New financial rules agreed: EU decides on better anti-corruption rules - but not until 2028
Late on Thursday evening, negotiators from the European Parliament, Commission and Member States agreed on the revision of the EU Financial Regulation. The regulation sets out the rules for the disbursement of all EU funds. Even though it may sound quite technical, the current proposals have the potential to make the EU budget a central tool for combating corruption. Unfortunately, some of Parliament’s central demands could not be achieved due to the reluctance of the Member States: among others, national governments are not prepared to assist the Commission with the recovery of EU funds lost due to errors or fraud in relation with EU projects. Furthermore, Member States have tried to delay the entry of force of several provisions and demanded long transition periods on many points. Ultimately, however, the Parliament was able to achieve some important successes, which as a negotiator for the Greens, I was particularly committed to:
- – Extension of the EU ‘blacklist’. Anyone who frauds EU funds should no longer receive any. Until now, however, the EU’s Early Detection and Exclusion System (EDES) only applied to around 20% of funds. In the negotiations, we achieved that from 2028, the recipients of all EU funds will be blacklisted if they are guilty of serious crimes such as corruption, fraud, child labour or terrorist financing.
- – Centralized database for the largest recipients of EU funds. Due to the fragmented availability of data, the EU currently does not really know who in the member states ultimately receives money from the budget. With the revision of the Financial Regulation, a centralized database of recipients is now to be created on the basis of the existing risk scoring tool ARACHNE. From the next Multiannual Financial Framework, the member states are obliged to feed data into the system.
- – Green success: The “do-no-significant-harm” principle in the Financial Regulation. This principle refers to the obligation to avoid economic activities that do significant harm to any environmental objective. In future, the implementation of the EU budget must adhere to this principle, thus allowing for strategic lawsuits, for example against EU-funded fossil fuel infrastructure.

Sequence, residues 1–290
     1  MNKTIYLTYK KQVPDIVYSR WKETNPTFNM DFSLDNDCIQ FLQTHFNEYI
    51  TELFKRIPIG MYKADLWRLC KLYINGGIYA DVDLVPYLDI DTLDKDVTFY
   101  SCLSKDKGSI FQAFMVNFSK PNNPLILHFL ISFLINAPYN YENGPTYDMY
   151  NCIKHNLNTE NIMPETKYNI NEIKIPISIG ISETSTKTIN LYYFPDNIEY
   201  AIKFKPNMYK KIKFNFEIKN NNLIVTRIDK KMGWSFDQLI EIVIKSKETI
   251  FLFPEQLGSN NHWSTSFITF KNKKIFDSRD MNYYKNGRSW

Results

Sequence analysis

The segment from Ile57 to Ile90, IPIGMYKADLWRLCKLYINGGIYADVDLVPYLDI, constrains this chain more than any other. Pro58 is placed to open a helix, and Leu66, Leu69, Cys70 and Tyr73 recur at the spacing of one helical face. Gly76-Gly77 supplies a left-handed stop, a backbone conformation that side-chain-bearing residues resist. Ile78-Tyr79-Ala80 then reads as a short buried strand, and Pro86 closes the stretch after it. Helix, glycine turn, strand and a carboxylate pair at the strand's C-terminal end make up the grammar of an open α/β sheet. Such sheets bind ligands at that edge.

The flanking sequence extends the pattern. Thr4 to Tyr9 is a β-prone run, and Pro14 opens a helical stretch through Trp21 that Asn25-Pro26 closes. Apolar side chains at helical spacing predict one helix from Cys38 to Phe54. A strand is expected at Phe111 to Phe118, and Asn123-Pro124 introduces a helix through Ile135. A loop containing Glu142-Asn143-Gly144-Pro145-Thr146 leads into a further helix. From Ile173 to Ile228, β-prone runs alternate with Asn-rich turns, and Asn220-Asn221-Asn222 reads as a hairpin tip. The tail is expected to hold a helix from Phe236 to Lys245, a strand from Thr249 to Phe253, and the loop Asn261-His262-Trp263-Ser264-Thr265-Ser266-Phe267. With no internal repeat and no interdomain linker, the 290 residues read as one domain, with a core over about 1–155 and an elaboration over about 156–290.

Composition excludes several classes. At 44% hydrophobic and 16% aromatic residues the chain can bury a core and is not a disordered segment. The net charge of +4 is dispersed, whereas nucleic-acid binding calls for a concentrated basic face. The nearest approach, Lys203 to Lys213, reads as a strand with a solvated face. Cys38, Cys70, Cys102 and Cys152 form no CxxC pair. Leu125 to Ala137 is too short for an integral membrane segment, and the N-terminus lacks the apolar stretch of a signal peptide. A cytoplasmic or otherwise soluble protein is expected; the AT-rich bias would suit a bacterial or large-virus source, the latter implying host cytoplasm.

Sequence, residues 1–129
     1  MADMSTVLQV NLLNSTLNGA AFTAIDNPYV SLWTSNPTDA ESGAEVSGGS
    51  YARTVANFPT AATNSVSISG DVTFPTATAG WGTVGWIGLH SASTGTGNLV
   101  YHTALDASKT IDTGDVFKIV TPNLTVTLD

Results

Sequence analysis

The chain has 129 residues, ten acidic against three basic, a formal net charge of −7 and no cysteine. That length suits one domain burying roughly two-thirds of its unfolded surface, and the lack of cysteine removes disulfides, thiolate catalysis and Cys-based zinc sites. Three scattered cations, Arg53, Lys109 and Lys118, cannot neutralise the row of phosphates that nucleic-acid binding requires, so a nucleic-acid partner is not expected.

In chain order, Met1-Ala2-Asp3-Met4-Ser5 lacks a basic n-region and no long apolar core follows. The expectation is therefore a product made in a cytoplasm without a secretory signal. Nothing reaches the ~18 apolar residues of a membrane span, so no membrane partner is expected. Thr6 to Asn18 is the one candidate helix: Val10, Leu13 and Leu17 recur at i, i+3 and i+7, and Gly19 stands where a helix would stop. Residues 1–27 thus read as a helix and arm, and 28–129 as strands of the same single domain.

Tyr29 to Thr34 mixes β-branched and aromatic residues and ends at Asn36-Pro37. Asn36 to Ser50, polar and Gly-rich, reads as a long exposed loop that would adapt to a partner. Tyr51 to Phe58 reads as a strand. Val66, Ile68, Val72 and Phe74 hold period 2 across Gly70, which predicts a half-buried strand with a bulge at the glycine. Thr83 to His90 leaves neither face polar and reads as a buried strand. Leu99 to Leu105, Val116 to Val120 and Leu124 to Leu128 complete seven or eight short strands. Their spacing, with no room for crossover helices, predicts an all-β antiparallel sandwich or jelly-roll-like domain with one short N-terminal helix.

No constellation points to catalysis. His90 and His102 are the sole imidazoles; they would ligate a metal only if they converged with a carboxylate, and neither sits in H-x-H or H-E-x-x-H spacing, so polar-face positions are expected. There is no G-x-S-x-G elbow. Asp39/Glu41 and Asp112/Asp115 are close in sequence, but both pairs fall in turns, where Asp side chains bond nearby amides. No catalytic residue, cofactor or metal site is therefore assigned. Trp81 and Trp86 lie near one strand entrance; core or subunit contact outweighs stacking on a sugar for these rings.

Daniel Freund, the Greens’ rapporteur on financial regulation, comments:
“The EU is making progress in the fight against fraud with EU taxpayers’ money. It is time to finally make it possible to see who in Europe benefits from EU funds in the first place. This will reveal whether the recipients of EU funds have contacts in politics and whether there have been conspicuous clusters in the allocation of funds. However, it is absolutely negligent not to allow these important rules to take effect for another four years. It is completely incomprehensible why the member states want to give potential fraudsters a grace period until 2028. The attitude of the Member States in refusing to allow the Commission to recover money obtained through fraud is completely bizarre. It must be absolutely clear in the EU that there are severe penalties for those who commit fraud with EU funds. In cases of fraud and corruption, everyone must work together: EU Commission, European Parliament and Member States.”
t must be absolutely clear in the EU that there are severe penalties for those who commit fraud with EU funds.